I’ve been a big fan of David Bowie ever since high school. True, I didn’t appreciate his less mainstream stuff as intensely as I do now until I had been in college a couple of years, but it’s not an inaccurate to characterize the effect of David Bowie’s art on my life as significant. Basically,…

One of the recurring topics I write about is, of course, cancer quackery. It goes right back to the very beginning of this blog, to my very earliest posts more than 11 years ago. Over the years I’ve covered more cases than I can remember of patients relying on quackery instead of real medicine. In…

One of the stories dominating my blogging in 2015 was a manufactroversy that started in August 2014 when, after several months of rumbling in the antivaccine crankosphere that there was a CDC scientist ready to blow the whistle on an alleged coverup of evidence that vaccines cause autism, Andrew Wakefield, ever the publicity hog, released…

It always irritates me when I discover a new antivaccine crank in my state; so you can imagine how irritated I become when I discover one right in my very city (OK, metropolitan area). When that happens, it becomes a bit more personal than my usual mission to refute antivaccine misinformation. So I was most…

Vaccines and the antivaccine movement were in the news a lot in 2015. The year started out with a huge measles outbreak originating at Disneyland over the holidays last year and dominated news coverage in the early months of 2015. This outbreak had enormous consequences. It galvanized public opinion such that something I had never…

Several years ago, Harriet Hall coined a term that is most apt: Tooth fairy science. The term refers to clinical trials and basic science performed on fantasy. More specifically, it refers to doing research on a phenomenon before it has been scientifically established that the phenomenon exists. Harriet put it this way: You could measure…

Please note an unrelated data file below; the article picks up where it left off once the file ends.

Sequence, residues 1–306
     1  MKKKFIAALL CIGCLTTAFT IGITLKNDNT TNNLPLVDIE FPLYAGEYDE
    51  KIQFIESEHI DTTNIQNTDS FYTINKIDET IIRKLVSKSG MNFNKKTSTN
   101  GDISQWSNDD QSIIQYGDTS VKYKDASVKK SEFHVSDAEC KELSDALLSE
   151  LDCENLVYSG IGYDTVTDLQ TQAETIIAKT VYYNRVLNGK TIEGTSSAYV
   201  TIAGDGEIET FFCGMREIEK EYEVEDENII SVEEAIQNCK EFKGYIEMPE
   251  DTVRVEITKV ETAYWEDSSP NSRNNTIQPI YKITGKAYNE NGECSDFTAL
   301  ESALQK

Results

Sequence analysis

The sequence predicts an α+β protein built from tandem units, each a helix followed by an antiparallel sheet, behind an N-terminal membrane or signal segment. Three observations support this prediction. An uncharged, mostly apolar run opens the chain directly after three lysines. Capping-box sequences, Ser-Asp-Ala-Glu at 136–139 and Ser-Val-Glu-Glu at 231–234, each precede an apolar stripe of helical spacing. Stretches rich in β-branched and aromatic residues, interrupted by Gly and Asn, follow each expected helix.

Christmas and New Years are almost here. As a result, as is always the case this time of year, we’re being flooded with “year end” lists. These lists are a fun distraction that I actually rather look forward to as an amusing (and sometimes annoying) year end tradition. In particular, I’m a sucker for “best…

[NOTE added 12/23/2015: It would appear that the offending article has been taken down. I, of course, have screenshots, and, of course, the Google cached version is still around for the moment.] Anaphylaxis can be deadly. Anaphylaxis can kill. More than that, anaphylaxis can kill pretty quickly. Even the most dimwitted purveyor of “natural” cures…

Even though I’ve taken on the ‘nym of a fictional computer in a 35-year-old British science fiction series whose key traits were an arrogant and condescending manner and the ability to tap into every computer of the galactic federation any time he wanted to, in reality I am just one person. That means, try as…

We have a problem with antivaccinationists here in Michigan. It’s a problem that’s been going on a long time that I first started paying attention to in a big way a few years ago when we started seeing pertussis outbreaks again due to low vaccine uptake. It’s a problem that’s persisted as last year we…

Although I don’t write about him as much as I used to, there was a time a couple of years ago when Houston cancer quack Stanislaw Burzynski was a frequent topic of this blog. His story, detailed in many posts on this blog and in an article I wrote for Skeptical Inquirer, is one that…

Many are the “alternative” medicine therapies that I’ve examined with a skeptical eye over the years. The vast majority of them rest on concepts that range from pre-scientific to religious to outright pseudoscientific to—let’s face it—the utterly ridiculous. Examples abound: Reflexology, reiki, tongue diagnosis, homeopathy, ear candling, cupping, crystal healing, urine drinking, detoxifying foot pads,…

Et tu, Scientific American? A few of you seem to know what will catch my attention and push my buttons, because over the past couple of days a few of you sent me an article published in Scientific America by an internal medicine resident named Allison Bond entitled Sometimes It’s Okay to Give Patients a…